For example, today, I feel like taking my neighbor's stuff, but this government won't let me. So I join another government that will. What mechanism would prevent this?

The free market is the mechanism that would prevent this inasmuch as, lacking a monopoly, it provides a disincentive for externalizing the costs of aggression onto others. But more importantly, I think there is this sense that in a free market society, anyone can just declare their whims to be a law, and the rest of society would go "aww dang it, what do we do now?"

I think it's a mistake to view the law as existing in some kind of magical plane "outside of" and above society, rather than existing internally, i.e. constituting whatever patterns of social activity make up a given society, so that if someone simply announces one day "I opt out of this law (e.g. the law prohibiting theft, murder, rape, etc.)" then we would all have to throw our hands up and say "aww darn it, he outsmarted us!" and for some unmentioned and undefined reason would not be able to respond. (Binswanger also hints something like this in his example of people walking down the street threatening others with guns.) Rather than be so ignorant, stupid, and moronic as this, we should have an "absolute guarantee" that all members of society will pledge themselves to follow the law. Well, I'm telling you there is never such a mystical "absolute guarantee," not now, not under limited government, and not on the free market. Therefore this type of scenario is of no force whatsoever.

Edited by 2046

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While I think I agree with your perspective in general, I think you may have mischaracterized anarcho-capitalists when you said things like this: "none of us have the right to pick up a bunch of guns and arbitrarily declare ourselves to be enforcers of justice unless we are permitted to by society in some manner." To my understanding, anarcho-capitalists would never say that a person can claim to be an "enforcer of justice" over someone else, because that negates the very thing they are against, anarchism (no ruler, or ruling body over other people). As soon as you take up a gun and force people to adhere to your own concept of justice, then you are in effect declaring yourself to be a ruler over those people, without their voluntary consent, and to my knowledge Rothbard was in no way advocating that.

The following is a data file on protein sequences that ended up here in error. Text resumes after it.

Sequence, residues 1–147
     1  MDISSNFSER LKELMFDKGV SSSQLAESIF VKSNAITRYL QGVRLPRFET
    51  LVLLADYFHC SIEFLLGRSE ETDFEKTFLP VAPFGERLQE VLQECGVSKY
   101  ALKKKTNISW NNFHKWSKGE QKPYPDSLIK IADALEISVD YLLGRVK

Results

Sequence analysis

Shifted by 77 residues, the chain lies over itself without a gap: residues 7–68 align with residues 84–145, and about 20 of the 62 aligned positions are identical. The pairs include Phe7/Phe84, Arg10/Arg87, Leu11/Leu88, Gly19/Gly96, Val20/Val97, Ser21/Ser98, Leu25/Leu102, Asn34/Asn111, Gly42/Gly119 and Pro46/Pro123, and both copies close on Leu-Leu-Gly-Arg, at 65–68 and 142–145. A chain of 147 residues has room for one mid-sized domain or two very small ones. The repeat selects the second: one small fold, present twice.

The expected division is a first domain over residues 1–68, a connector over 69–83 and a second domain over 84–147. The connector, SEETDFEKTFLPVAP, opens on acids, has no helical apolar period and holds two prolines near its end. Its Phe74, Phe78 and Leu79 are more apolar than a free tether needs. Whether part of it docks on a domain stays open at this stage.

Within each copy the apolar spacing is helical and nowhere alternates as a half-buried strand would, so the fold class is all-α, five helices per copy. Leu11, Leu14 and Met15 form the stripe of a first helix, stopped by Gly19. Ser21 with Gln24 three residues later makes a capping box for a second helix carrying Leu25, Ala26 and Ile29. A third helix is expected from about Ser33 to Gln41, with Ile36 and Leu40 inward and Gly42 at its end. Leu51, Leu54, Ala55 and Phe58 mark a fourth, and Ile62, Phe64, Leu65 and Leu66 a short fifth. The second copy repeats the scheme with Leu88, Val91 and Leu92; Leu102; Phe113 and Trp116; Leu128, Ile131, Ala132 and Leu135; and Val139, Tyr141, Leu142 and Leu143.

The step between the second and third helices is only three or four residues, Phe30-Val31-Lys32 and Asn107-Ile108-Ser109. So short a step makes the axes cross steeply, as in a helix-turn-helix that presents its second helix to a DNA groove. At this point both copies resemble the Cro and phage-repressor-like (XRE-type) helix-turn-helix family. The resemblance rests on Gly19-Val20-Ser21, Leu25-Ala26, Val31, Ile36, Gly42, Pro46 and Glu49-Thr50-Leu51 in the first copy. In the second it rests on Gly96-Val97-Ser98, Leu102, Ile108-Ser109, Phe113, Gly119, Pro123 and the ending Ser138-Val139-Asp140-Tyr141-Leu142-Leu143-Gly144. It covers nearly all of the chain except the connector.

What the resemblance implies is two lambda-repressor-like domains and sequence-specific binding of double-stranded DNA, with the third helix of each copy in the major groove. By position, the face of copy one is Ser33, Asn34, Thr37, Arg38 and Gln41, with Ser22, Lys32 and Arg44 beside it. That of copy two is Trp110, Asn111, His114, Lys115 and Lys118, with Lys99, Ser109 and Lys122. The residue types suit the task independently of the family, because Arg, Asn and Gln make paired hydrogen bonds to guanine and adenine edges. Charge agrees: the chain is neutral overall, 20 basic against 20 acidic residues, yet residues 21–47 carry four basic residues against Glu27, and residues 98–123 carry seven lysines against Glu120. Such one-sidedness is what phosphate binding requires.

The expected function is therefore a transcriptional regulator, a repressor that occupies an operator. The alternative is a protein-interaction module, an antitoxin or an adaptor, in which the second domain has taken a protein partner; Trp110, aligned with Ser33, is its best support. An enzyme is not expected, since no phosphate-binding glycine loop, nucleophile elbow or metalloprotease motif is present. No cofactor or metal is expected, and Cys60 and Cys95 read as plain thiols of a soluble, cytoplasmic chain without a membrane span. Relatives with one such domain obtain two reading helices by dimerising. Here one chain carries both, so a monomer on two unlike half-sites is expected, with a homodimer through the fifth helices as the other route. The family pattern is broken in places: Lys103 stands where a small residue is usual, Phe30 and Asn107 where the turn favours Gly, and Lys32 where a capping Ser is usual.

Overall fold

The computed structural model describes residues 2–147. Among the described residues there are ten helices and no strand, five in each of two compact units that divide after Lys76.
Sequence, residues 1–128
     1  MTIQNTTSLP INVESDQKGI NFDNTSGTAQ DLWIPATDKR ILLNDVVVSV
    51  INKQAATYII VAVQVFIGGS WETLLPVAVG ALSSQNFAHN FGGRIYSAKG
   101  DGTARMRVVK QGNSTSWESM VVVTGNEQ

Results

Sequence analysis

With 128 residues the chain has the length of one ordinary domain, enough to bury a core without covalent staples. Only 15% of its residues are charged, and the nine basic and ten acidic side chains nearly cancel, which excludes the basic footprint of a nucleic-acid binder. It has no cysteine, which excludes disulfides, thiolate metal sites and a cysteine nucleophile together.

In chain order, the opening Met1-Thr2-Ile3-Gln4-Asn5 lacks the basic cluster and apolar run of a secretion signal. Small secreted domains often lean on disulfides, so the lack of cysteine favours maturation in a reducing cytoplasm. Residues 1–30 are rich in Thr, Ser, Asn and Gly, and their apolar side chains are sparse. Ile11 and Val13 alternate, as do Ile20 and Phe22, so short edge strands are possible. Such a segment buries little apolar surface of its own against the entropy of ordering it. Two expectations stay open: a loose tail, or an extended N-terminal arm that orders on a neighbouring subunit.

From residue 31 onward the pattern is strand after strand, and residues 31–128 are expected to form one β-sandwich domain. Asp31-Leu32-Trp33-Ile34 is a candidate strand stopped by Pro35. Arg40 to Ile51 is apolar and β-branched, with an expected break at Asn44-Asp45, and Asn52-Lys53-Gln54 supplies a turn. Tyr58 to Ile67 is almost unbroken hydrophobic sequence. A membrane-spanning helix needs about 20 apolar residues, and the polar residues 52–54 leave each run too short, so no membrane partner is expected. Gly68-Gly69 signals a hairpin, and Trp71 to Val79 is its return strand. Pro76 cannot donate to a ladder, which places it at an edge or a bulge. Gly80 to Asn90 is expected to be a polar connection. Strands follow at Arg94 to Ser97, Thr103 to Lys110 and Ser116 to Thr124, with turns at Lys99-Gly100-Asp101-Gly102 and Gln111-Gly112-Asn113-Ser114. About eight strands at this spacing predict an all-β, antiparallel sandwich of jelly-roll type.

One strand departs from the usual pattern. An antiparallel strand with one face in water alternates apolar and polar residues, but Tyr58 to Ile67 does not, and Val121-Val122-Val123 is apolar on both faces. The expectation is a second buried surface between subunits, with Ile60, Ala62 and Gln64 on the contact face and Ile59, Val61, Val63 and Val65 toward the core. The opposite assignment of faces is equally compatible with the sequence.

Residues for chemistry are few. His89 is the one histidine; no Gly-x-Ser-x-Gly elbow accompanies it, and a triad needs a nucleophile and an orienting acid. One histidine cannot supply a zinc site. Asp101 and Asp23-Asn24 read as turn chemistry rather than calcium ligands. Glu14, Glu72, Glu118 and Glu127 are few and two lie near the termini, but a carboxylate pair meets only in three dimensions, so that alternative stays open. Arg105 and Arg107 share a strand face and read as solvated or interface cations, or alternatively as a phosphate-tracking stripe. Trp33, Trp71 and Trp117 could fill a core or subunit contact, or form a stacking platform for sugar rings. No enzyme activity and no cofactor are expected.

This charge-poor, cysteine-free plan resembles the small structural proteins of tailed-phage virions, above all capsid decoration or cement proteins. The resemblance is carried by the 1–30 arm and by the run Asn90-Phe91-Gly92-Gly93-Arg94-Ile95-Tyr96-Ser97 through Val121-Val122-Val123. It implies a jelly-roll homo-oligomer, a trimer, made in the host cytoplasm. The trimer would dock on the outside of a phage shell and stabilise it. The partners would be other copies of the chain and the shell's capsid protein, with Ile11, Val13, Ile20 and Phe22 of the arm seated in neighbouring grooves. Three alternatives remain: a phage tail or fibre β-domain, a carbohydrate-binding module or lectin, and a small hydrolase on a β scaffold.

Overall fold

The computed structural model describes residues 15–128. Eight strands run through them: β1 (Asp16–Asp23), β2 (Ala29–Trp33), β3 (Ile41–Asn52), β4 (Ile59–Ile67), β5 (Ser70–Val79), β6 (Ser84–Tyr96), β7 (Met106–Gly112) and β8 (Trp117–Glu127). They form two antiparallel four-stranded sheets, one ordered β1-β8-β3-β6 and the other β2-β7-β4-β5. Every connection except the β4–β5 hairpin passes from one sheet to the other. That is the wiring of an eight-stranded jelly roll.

I don't really know what his concept is of how justice is administrated, and I hope to read more from him and the likes of Hans-Herman Hoppe to learn. But am I wrong in thinking Rothbard and anarcho-capitalists do not advocate the kind of vigilante justice you describe?

Rothbard did seem to be okay with vigilantism. See this discussion in a previous thread. However, his student, Prof. Hoppe disagreed with this point of view and seems to think that in a private law society, vigilantism would be outlawed. Also, if you just think about it, it wouldn't make much sense to permit that type of thing. What would your family, community, neighbors, employer, etc. say if you were just running around Rambo-style enforcing the laws? You would be treated as some kind of very risky, dangerous person. Even if someone legitimately stole your TV or whatever, your social community isn't likely to put up with you barging into his house with some friends to get it back. In order to keep risks low to them, it would be in their interest to require you to call in a professional agency to deal with it, even if you were in the right.

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This is introduced by David Kelley in his "Necessity of Government," and it's one oft repeated, but I don't think it succeeds. It's sort of like the old argument for the necessity of God from the 17th century which goes something like this: "Which do you need first, intelligence or language?" If we had intelligence first, we could develop language, but you might think we need language in order to have intelligence (in order to think in terms of concepts.) And so you were either committed to believing that both burst onto the scene fully formed simultaneously (as if created by God), or that there was some sort of infinite past where humans always sort of existed as intelligent and linguistic beings. which is logically impossible, ergo God.

The problem with this argument is that the reverse argument would also work on the same grounds, that you can't have a functioning government without a functioning market. Where is the legal order going to get the money and the resources to do its thing? A government requires resources, after all, so there already has to be people growing food, clothing, shelter, making tools, and producing various kinds of economic goods and services in order for you to even have a legal order. The actual people resolving disputes and producing and enforcing the law can't be spending all their time in agriculture and hunting, so there must be some existing thing already going on.